Don’t Get Skimmed At The ATM

Wednesday, April 4th, 2018

What is Skimming?

Skimming is a method used by criminals to capture data from the magnetic stripe on the back of an ATM or credit card. These devices are attached over the top of the card reader at an ATM, gas pump, checkout counter. The thief uses your stolen card number to create a clone of your card or to just break in to your account to steal money. Often, the criminal will place a hidden camera close by to try to see the PIN number you enter, as well. A fake PIN pad can also be installed over the keyboard to directly capture your PIN number.

How can you avoid being a skimming victim?

When you approach an ATM, check for some obvious signs of tampering at the top of the ATM, near the speakers, the side of the screen, the card reader itself, and the keyboard. If something looks different, such as a different color or material, graphics that aren’t aligned correctly, or anything else that doesn’t look right, don’t use that ATM. The same is true for credit card readers at the checkout line. If the keyboard doesn’t feel right—too thick, perhaps—then there may be a PIN-snatching overlay, so don’t use it.

ATMs are solidly constructed and generally don’t have any jiggling or loose parts, so wiggle everything to see if it’s loose. Pull at protruding parts like the card reader. See if the keyboard is securely attached and just one piece. Wiggling the card as you enter it in the slot won’t interfere with your transaction but will foil the skimmer.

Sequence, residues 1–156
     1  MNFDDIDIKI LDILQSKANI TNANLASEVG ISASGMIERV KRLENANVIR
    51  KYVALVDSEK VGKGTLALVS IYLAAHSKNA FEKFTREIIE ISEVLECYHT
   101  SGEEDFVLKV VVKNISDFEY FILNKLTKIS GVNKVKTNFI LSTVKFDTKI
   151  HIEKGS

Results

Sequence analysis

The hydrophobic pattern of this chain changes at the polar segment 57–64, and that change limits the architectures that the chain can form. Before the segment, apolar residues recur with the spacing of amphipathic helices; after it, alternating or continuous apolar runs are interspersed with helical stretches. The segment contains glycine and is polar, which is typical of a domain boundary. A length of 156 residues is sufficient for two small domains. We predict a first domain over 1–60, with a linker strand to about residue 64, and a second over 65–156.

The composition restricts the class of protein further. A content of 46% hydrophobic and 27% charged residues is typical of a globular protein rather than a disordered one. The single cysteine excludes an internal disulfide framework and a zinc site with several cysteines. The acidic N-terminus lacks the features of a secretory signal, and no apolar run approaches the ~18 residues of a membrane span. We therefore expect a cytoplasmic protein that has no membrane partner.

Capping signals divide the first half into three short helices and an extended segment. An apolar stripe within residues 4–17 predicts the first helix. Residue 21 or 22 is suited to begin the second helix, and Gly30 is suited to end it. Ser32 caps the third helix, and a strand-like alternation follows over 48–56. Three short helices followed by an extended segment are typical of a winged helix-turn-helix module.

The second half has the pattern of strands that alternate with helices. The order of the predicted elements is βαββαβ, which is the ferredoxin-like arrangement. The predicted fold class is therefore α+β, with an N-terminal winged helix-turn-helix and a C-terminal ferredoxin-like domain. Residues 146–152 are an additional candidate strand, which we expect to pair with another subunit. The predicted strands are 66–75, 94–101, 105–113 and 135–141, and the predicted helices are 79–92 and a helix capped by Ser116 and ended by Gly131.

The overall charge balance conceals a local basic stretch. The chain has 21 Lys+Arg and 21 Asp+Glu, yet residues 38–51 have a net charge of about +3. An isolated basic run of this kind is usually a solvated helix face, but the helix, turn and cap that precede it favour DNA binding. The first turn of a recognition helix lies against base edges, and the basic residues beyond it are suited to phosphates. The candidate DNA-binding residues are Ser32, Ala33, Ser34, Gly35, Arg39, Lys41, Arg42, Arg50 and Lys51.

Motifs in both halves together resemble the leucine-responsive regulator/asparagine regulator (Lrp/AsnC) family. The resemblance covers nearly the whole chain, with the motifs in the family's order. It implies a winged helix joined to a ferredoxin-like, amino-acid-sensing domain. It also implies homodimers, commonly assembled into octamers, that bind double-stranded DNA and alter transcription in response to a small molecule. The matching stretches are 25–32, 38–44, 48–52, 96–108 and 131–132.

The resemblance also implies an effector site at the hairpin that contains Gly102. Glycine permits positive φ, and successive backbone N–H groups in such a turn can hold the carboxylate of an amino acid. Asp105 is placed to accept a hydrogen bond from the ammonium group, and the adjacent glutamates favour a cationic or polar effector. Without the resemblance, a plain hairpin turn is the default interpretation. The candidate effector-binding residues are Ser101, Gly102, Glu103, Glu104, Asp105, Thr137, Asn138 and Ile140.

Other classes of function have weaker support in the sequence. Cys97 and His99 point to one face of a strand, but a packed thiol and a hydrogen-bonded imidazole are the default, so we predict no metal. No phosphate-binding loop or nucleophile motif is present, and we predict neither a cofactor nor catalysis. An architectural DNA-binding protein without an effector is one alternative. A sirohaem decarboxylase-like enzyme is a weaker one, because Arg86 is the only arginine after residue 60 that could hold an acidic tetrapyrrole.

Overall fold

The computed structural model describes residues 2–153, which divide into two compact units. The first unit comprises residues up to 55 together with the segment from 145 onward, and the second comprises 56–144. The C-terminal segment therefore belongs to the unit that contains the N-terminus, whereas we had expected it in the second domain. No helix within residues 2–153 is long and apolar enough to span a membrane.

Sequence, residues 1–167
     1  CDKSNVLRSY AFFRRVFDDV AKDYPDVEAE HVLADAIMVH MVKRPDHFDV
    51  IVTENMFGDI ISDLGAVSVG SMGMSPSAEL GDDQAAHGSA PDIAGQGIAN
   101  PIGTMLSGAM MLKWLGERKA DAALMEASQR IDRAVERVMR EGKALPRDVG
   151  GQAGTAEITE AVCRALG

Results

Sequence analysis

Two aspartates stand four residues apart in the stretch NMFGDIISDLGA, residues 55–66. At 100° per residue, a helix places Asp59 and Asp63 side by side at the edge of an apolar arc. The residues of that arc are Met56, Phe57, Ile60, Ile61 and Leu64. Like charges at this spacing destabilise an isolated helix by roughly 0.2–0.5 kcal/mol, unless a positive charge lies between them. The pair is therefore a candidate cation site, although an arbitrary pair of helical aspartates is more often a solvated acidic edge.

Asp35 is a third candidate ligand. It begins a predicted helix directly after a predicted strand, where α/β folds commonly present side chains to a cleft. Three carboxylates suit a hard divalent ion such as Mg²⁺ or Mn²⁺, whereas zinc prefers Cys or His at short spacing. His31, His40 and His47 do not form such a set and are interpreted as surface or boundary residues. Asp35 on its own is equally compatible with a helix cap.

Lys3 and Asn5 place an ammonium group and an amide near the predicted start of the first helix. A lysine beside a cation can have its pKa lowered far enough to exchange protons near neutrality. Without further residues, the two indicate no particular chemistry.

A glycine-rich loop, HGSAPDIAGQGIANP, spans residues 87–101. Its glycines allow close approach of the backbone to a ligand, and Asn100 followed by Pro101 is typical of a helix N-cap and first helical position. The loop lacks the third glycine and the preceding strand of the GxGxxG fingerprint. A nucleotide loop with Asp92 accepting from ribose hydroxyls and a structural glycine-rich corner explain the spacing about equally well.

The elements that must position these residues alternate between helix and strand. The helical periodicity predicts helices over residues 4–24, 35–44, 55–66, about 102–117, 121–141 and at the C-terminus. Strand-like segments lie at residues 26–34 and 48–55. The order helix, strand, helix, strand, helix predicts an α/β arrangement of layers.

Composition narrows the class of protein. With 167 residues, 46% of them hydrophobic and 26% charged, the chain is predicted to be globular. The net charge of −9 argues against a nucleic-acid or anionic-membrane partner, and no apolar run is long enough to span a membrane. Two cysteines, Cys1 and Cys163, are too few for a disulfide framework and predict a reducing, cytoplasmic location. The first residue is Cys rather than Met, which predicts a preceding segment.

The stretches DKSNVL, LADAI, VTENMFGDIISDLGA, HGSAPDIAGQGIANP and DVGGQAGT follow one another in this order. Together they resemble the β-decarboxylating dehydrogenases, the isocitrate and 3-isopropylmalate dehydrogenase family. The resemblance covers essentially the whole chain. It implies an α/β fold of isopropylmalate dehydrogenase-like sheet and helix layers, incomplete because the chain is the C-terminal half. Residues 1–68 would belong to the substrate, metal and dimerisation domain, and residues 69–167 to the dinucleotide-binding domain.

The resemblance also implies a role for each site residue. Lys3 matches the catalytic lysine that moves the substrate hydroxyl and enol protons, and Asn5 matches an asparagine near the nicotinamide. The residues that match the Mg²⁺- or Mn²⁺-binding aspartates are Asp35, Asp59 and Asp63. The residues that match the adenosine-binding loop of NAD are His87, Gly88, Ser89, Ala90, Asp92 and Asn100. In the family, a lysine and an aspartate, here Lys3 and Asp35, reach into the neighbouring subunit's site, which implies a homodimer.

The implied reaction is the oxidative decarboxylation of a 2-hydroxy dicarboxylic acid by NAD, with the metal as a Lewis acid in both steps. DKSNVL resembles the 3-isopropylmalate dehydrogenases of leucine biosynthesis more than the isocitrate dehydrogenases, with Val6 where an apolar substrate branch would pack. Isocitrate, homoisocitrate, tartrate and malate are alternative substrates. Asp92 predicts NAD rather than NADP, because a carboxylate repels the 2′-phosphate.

Always cover the keypad with your hand when entering your PIN. ATMs located in busy locations are less likely to be tampered with, so use those when you can. ATMs inside banks, grocery stores or restaurants are generally safer. But no ATM or card reader is 100% safe, so stop and look for anything suspicious every time you use one. Whenever possible, don’t use your card’s magstripe to perform the transaction – an EMV chip is a much safer.

If the credit card terminal accepts NFC transactions, consider using Apple Pay, Samsung Pay, or Android Pay. These services tokenize your credit card information, so your personal information is never exposed. If you suspect your card data has been stolen, report it to your bank or card issuer immediately so you will not be held liable for any lost funds. Try to use a credit card instead of a debit card whenever possible since the transactions can be halted before payment is made.

Just remember: If something doesn’t feel right about an ATM or a credit card reader, just don’t use it. And whenever you can, use the chip instead of the strip on your card.

Source: PC Magazine